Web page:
Welcome to Glenmorangie

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Alice Blackwell and Roman coin

Partnerships

The Glenmorangie Company is proud to have prestigious partnerships with organisations that share our passions. These include the Open Golf Championship, National Museums Scotland and the Marine Conservation Society.

Global attention

In 2014, Glenmorangie signed a three year continuation of its successful partnership with golf’s Open Championship. This sponsorship partners two iconic Scottish exports, which are both steeped in history and enjoyed all over the world.

An estimated 458 million households see golf’s most famous tournament on television. Another 200,000 people watch the drama unfold in person. This year, all eyes will be on Royal Troon in Scotland, which will host the competition in July 2016.

The Open and Glenmorangie have a natural affinity and we are proud to continue our partnership with The R&A as ‘Spirit of The Open’. Glenmorangie’s pursuit of perfection mirrors the mindset required from the world’s top golfers as they seek to lift the iconic Claret Jug.

A Pioneering partnership

The inspiration for Glenmorangie's ‘Signet’ brand logo comes from the 8th century Hilton of Cadboll stone, originally discovered near Glenmorangie House and on display in The National Museum of Scotland, Edinburgh. With our support, National Museums Scotland has initiated a study of the period that produced this Pictish masterpiece through 'The Glenmorangie Research Project on Early Medieval Scotland', a pioneering partnership that began in 2008.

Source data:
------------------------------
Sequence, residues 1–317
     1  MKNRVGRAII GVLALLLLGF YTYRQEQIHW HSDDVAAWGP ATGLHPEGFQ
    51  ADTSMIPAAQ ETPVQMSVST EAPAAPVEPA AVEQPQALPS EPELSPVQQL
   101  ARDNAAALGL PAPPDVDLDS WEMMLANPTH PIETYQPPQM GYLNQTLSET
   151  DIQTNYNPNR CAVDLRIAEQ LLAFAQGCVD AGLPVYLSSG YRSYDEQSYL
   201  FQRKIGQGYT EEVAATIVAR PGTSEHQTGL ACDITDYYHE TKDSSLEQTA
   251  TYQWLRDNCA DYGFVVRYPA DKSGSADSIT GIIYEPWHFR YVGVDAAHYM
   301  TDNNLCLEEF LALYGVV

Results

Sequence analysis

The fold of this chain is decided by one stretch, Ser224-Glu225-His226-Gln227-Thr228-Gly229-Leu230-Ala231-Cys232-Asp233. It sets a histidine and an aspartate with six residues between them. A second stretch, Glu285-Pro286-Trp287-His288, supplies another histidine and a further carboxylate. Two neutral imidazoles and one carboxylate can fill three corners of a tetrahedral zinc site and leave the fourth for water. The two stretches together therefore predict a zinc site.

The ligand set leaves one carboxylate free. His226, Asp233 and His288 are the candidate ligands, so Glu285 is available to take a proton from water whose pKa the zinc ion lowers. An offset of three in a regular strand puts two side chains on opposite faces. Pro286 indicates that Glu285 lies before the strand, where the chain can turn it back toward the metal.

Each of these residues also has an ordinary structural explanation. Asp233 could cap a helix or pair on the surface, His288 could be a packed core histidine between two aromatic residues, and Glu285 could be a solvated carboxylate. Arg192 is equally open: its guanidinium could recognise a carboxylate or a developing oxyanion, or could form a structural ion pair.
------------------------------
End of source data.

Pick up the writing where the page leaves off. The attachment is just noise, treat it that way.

The Early Medieval period (around AD 300–900) is a very important part of Scotland’s past. Beautiful, elaborate and sophisticated objects, sculptured stones, and manuscripts were produced in Scotland during this time and the thanks to the Glenmorangie Research Project we now know far more about these treasures.

To celebrate and better understand some of the beautiful objects created during this period, the Glenmorangie Research Project has also supported a creative collaboration between archaeologists and contemporary craftspeople and artists. The collaboration produced beautiful recreations of Early Medieval objects that survive only as fragments and have given archaeologists fascinating insights into historic design and construction.

The project is currently investigating the role of silver in the development of the first kingdoms of Scotland. To find out more, visit the National Museums Scotland’s blog and watch short films about some of the most significant hoards of silver ever found in Scotland.